Other things that define us as individuals might be the food we eat or the TV shows we watch or our favourite animal or the topic we would choose as our specialist subject if we found ourselves on Mastermind. These might not be objects as such but I think they can all be the cornerstones of a character – and perhaps that is the key, finding that one detail that is at the heart of how this character acts and how they see the world.


3. Pick out a Tic or a Habit

Perhaps it is an action that defines a character rather than an object? In Sweetie (J.V. Skuldt | Smokelong Quarterly), I love that opening line “Sweetie vacuums at 4 a.m. because she’s up and she’s not going back to sleep and the carpet cost a fortune and you’ve got to keep it clean to make it last.” Straightaway, I have such a clear idea of who Sweetie is. Everything that is added later in the story seems to build off that one action of vacuuming at 4 a.m. I feel as though if I’d been asked the questions, “Have her kids flown the coop”, “Does this character cut her own hair?”, I would have been able to answer a definitive yes to both of them based on that opening sentence.


I also think this story highlights the power of a name to define character. Without going into nominative determination or calling our characters ‘Merry Doesgood’ or ‘Hubert Bogsnot’, names can conjure an essence of character in the same way as the types mentioned above. Here, “Sweetie” seems to underline the vulnerability of this character and I love how the name is explained in the second half of the piece.


4. Use Tone of Voice

I dedicate a whole topic of my Glorious Words course to looking at tone of voice and I think it is a really underused tool in conjuring a sense of character. The words we use and the way we put them together say so much about us. Where are we from? What is the level of our education? Do we swear? Are we pretentious? Are we down-to-earth? Are we a dreamer? The language we use is as unique to us as a fingerprint and if, as writers, we can get the tone of voice just right, it can do so much of the heavy-lifting in bringing a character to life.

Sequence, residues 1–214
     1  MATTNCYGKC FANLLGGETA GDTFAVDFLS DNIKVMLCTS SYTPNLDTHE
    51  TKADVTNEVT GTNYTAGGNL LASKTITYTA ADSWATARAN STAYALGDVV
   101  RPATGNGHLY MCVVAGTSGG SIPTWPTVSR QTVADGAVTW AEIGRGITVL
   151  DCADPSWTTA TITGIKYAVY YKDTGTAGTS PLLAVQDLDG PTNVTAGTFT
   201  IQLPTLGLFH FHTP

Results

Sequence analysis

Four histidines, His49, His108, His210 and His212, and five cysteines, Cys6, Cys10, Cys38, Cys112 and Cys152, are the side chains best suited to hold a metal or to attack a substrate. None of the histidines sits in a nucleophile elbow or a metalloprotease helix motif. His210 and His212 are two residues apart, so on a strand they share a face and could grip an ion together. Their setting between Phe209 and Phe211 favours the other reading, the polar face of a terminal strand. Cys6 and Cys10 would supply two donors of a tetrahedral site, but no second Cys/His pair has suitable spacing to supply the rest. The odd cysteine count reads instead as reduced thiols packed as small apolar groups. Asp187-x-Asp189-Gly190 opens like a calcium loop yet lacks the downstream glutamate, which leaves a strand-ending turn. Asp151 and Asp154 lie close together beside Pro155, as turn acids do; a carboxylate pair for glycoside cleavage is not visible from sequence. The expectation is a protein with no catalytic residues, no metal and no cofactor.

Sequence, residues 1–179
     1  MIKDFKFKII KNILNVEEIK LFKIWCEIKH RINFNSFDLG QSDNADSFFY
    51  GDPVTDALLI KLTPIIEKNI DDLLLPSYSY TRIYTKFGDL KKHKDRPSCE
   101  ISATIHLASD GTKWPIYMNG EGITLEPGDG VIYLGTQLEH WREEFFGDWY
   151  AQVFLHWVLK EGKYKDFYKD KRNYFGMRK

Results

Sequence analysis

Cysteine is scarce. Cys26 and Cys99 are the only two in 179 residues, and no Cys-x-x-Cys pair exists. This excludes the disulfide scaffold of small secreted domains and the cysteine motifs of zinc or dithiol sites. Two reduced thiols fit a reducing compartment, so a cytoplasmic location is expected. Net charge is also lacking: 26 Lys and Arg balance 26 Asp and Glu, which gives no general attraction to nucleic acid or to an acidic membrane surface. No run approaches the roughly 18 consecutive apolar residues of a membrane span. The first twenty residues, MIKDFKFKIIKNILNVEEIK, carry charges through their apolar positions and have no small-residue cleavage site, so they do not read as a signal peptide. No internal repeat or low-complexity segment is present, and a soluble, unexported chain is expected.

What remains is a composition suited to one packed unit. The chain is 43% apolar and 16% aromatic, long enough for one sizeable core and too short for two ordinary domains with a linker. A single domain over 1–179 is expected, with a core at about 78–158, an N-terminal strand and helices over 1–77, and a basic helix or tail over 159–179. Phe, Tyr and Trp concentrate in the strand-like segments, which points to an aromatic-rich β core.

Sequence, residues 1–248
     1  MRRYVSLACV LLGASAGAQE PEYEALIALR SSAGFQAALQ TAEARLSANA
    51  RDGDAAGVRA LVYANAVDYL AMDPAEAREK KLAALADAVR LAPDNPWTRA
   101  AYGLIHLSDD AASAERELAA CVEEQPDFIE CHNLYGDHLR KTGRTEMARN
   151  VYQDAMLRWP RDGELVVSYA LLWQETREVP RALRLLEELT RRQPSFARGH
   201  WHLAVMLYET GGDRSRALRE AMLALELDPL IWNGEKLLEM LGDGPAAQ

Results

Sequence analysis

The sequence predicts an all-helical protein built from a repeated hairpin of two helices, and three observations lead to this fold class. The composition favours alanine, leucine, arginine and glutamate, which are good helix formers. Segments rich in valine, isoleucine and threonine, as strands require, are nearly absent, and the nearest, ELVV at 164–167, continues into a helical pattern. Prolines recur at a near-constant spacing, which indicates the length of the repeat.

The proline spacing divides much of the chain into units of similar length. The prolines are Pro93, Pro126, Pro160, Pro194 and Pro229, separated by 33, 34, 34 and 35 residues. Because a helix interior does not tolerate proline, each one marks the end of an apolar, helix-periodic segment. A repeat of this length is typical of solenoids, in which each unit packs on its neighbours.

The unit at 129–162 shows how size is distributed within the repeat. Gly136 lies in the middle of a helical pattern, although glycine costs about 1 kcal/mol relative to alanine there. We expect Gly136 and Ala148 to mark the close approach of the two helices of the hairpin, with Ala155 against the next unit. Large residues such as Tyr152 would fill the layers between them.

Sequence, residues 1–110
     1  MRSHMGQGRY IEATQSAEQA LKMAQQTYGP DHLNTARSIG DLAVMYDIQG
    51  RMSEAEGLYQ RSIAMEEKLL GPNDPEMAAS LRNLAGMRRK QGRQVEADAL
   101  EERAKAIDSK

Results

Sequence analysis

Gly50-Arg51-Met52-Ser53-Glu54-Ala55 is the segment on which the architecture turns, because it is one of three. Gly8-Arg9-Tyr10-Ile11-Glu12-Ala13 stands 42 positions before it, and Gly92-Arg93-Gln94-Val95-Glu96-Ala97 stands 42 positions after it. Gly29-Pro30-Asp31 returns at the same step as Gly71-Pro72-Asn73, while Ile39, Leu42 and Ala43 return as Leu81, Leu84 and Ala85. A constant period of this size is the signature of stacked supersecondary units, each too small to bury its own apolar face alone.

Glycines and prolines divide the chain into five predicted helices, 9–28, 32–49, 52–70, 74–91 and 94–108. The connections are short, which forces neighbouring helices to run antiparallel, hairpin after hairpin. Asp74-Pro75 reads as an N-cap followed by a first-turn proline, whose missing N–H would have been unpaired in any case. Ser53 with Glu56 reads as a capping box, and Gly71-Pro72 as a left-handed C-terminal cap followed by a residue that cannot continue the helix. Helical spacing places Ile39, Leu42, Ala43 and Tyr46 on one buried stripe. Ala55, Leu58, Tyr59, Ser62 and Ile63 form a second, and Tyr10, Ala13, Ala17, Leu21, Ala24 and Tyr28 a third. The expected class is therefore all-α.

In Malachy (Niamh MacCabe | Fictive Dream), I feel like I learn everything I need to know about the narrator from the words they use – a sense of where they are from (“Mammy”), a sense of age (the way they describe their relatives “speaking small and quiet”), their personality (through the humour of “Excuse me who is this please calling the residence at this hour”) etc.


5. Base a Character around a Defining Moment

At the end of the day, we are all of us an accumulation of experiences. Every moment we have lived through defines who we are in the present. Some of us have key moments in our past that have cast more of a shadow over our lives than others, and I think there can be a real power in harnessing one of these to suggest who a character is.


A story which does this fantastically well is Delusions of Grandeur (Laura Todd Carns | Cheap Pop). I love how the initial scene of Miranda as a six-year-old magically healing a sparrow’s broken wing has such an impact on the rest of her life, how this memory starts to be questioned in the final scene, how there is a tension between the person she has always been and the person she might become if her belief wavers.


Final thoughts

Hopefully, there are a few ideas to chew over in all of that. Short fiction is often described as a sketch as opposed to the large-scale oil painting that we get in a novel, but I think there can be enough detail in that ‘sketch’ to allow a reader to close their eyes and fill in everything else. The trick, for me, is identifying the cornerstones that make a character who they are then finding the most economical way of weaving that detail onto the page.